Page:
Researchers Discover Evidence That Humans Hunted Two Million Years Ago
Early humans began hunting prey animals two million years ago. A team of US scientists have proved ancient hunters ‘killed creatures for meat rather than having to scavenge from big cats.’
Animal bones from a two-million-year-old archaeological site called Kanjera South, near Lake Victoria in the west of Kenya, Africa, have been studied by a University of San Diego-led team of researchers. A new paper published in the journal Quaternary Science Reviews presents gazelle and wildebeest bones having been cut with human crafted tools. The team said their paper provides evidence for the earliest strong indication for ‘hominin hunting.’
Notches on a bone left by ancient hunter butchering activity. ( Jennifer A. Parkinson, Thomas W. Plummer, James S. Oliver, Laura C. Bishop )
2022, A Year of Paradigm Shifts
The team from University of San Diego, California, has shattered any remaining skepticism that 2 million years ago humans were scavenging, or scraping a subsistence, from dead animals and plants. Contrasting greatly with the idea that humans survived on the meaty bones of carcasses left behind by big cats, the new study found traces of ‘butchery marks’ on gazelle and wildebeest bones left by ancient hunters.
Skeptical archaeologists would normally point towards the marks having been caused by animal teeth, or natural weathering. But not in this instance, as the cut marks were found on the bones in places where only human tools could access. This is why the team said their research represents some of the ‘oldest strong evidence for hunting among ancient humans.’
Settling Timeworn Archaeological Arguments
The lead researcher, Professor Jennifer Parkinson, is a zooarchaeologist and paleoanthropologist at the University of San Diego. The scientist wrote in the new paper that increased meat consumption is ‘one of the major adaptive changes in hominin dietary evolution.’ The study looked at the bones of gazelle and wildebeest, which were common in the open grassy region around 2 million years ago, that have tiny butchery marks.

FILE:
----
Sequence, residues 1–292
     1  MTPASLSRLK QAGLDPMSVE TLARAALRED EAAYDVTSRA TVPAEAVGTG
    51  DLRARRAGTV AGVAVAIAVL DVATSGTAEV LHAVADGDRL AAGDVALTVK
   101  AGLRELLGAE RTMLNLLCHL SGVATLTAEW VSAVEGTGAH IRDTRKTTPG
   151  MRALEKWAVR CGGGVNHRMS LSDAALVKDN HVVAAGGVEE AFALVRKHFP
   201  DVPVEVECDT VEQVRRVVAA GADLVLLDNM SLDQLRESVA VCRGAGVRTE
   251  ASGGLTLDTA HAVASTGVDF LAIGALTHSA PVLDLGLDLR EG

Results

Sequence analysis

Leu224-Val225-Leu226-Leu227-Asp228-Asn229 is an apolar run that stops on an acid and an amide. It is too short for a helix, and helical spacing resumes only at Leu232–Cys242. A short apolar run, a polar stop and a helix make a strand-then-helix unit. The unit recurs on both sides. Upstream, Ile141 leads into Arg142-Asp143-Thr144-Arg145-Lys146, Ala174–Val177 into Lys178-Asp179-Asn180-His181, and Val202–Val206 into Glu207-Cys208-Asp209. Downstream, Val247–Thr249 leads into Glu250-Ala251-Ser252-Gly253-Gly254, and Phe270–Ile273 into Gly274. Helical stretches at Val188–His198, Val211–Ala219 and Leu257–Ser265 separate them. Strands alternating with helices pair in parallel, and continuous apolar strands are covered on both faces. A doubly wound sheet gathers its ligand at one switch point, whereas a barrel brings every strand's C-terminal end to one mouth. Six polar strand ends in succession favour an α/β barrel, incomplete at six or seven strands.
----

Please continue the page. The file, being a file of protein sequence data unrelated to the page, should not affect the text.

Until now it has always been argued as to whether these marks were made by prehistoric hunters that were human or by predator’s teeth and claws. The new study shows that the prey animals from Kanjera South had been ‘ butchered in those places that would have most likely already have been stripped clean of flesh had the animals been killed by predators like big cats.’
The new study shows that the prey animals had been ‘butchered in those places that would have most likely already have been stripped clean of flesh had the animals been killed by predators like big cats.’ ( Mark /Adobe Stock)
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In conclusion, the team said their findings suggest 2 million years ago ancient humans hunted then butchered the prey animals themselves. Professor Parkinson told New Scientist that early hominins ‘were not scavenging’ from felid [big cat] kill and that the new evidence provided in her paper demonstrates marks of butchering ‘in places where there would be no flesh on felid kills.’
The researchers found traces of butchery marks on gazelle and wildebeest bones ‘in places where there would be no flesh on felid kills.’ (Parkinson et al./ Quaternary Science Reviews )
While it is known that an early human ancestor hunted and butchered prey in this region of Africa 2 million years ago, it is not yet clear which one! Dr. Parker says archaeologists have unearthed ‘thousands of stone tools’ at Kanjera South, but no bones of the actual hunters themselves have ever been identified at the site. The researchers suspect Homo habilis is the prime candidate because their remains have been excavated at nearby sites. Exactly how these early hominins hunted is also not known at this time. However, it is suspected ambushes and lobbing wooden spears were among the ancient hunters’ tricks.
Homo habilis - forensic facial reconstruction/approximation. (Cicero Moraes/ CC BY-SA 4.0 )
Leaps and Bounds in Only 10 Years
It was only in 2013 that Live Science covered the publication of an April 25 paper in the journal PLOS ONE supporting the idea that ‘ancient meat eating 2 million years ago fueled big changes in Homo species at that time.’ Only nine years ago it was a breakthrough discovery finding that the thousands of stone tools used by ancient hominins were for butchering and scavenging animals at least 2 million years ago.
Now we know early humans were actively hunting around 2 million years ago, which caused a rapid increase in brain and body size and is observed in the fossil record from that time. With their swollen brains and biceps, humans migrated from Africa to Eurasia around this time, and the meaty prey animals they stalked, ambushed, and trapped provided the energy for those evolution changing transformations, and migrations.
Top image: Ancient hunters stalked wildebeest and gazelle 2 million years ago. Source: frilled_dragon /Adobe Stock
By Ashley Cowie
This looks very convincing. The cut marks indicate early hunting, but more research needs to be done.
This is inconclusive. We cannot tell the difference between a human kill and one where early humans used their weapons and numbers to intimidate a lone predator off a fresh kill. Call it scavenging with menaces.